We were having lunch at Jean-Georges in New York City. The city's restaurants have been hit hard, but $24 for lunch at Jean-Georges? Seems almost unfair. Our host ordered everyone a glass of Pinot Noir: a very pretty, vibrant, Carneros-styled wine. Cheap too. We asked to see the bottle. It was from a winery called Kingston Family Vineyards in Casablanca, Chile. Chile?
When we got back from Jean-Georges, we Googled the winery. We saw that Byron Kosuge was overseeing the winemaking. We'd known Kosuge (koh-soo-gee) for over 20 years, since his early days at Saintsbury. Byron's reputation for Pinot Noir is unimpeachable, but we had no idea what he could do with Sauvignon Blanc. Turns out, he can do a lot. But when we talked to Byron, he was quick to direct our praise to his assistant winemaker, Evelyn Vidal, who's in charge of the day-to-day operations at Kingston. A native of Chile, who's worked three harvests in Napa and Sonoma, Vidal is especially passionate about white wines, and her stamp is especially visible on this crisp, precise Sauvignon Blanc.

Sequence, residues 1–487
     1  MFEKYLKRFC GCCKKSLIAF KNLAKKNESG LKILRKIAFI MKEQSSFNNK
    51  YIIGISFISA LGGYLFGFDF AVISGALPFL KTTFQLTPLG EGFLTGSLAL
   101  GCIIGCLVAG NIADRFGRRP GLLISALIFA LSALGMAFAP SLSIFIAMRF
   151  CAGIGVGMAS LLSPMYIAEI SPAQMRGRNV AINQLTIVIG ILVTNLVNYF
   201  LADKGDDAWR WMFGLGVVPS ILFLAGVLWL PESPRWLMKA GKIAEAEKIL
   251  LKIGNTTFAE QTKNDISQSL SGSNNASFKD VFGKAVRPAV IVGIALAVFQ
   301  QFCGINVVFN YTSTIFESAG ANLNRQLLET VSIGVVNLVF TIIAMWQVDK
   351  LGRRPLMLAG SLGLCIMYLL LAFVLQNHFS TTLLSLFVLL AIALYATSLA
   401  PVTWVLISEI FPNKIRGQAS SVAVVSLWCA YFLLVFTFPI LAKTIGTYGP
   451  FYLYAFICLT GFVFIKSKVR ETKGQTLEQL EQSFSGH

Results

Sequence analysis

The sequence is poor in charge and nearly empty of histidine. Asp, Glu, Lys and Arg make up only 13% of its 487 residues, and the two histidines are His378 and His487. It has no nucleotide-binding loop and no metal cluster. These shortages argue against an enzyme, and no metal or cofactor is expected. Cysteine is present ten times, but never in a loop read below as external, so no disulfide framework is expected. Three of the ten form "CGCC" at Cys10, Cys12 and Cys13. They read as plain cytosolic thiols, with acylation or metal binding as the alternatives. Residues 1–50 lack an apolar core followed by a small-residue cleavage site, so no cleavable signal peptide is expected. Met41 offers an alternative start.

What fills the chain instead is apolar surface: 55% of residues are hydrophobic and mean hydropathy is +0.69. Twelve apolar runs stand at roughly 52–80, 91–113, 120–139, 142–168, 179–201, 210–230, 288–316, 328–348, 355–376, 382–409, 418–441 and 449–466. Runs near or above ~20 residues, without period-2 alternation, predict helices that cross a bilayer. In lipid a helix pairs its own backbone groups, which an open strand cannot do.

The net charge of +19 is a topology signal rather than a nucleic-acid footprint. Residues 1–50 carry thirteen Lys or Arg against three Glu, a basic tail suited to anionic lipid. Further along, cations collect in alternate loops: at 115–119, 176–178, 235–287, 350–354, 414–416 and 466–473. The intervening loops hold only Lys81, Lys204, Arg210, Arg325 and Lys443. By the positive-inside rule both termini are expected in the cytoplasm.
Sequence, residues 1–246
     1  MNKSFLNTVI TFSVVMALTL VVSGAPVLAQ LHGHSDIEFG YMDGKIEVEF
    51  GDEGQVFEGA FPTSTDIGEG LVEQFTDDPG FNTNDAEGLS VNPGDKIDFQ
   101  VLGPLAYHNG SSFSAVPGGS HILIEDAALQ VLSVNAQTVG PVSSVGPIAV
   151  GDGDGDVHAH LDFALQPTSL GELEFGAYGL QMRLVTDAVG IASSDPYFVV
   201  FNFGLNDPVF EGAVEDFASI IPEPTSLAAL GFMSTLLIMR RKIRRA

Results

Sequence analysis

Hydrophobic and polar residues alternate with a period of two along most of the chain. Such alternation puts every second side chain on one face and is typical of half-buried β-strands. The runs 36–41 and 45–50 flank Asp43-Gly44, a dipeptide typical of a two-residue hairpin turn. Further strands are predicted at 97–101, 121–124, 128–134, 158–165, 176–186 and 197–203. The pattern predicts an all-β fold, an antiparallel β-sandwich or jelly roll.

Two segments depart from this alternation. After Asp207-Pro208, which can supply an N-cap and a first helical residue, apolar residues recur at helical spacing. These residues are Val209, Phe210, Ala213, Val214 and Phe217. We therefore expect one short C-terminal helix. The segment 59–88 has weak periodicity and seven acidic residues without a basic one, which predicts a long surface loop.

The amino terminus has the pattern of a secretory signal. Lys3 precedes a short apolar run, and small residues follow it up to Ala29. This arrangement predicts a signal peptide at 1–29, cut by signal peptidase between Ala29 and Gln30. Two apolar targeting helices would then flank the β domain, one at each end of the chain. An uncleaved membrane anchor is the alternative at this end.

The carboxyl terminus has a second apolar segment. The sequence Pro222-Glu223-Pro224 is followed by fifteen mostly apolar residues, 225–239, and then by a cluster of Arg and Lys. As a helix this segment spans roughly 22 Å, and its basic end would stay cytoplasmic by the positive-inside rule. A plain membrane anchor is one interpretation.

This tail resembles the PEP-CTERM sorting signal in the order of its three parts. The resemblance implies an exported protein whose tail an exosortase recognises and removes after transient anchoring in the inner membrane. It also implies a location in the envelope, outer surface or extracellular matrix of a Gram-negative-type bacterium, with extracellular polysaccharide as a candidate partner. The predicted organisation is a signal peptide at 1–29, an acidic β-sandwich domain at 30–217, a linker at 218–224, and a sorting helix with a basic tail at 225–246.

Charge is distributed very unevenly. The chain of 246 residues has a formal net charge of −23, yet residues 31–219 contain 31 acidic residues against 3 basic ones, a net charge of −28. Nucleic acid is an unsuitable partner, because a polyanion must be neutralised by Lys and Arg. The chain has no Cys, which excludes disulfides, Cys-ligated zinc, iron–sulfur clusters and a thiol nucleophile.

While many enthusiasts, fairly or not, tend to associate Chilean wines with large-scale production efforts, Kingston serves as a key exception. Among the few "garagistes" in Chile, Byron and Evelyn make all their wines, including this 2007 Sauvignon Blanc, in small one-ton fermenters.
Kingston Family Vineyards
This wine is straw colored, with a fresh, grassy nose featuring hints of grapefruit and gooseberry. On the palate, it's precise and clean, with well-defined citrus flavors, plenty of balance, and a sprightly finish.
Pair this wine with shellfish or a grilled fillet of white fish, like cod or red snapper.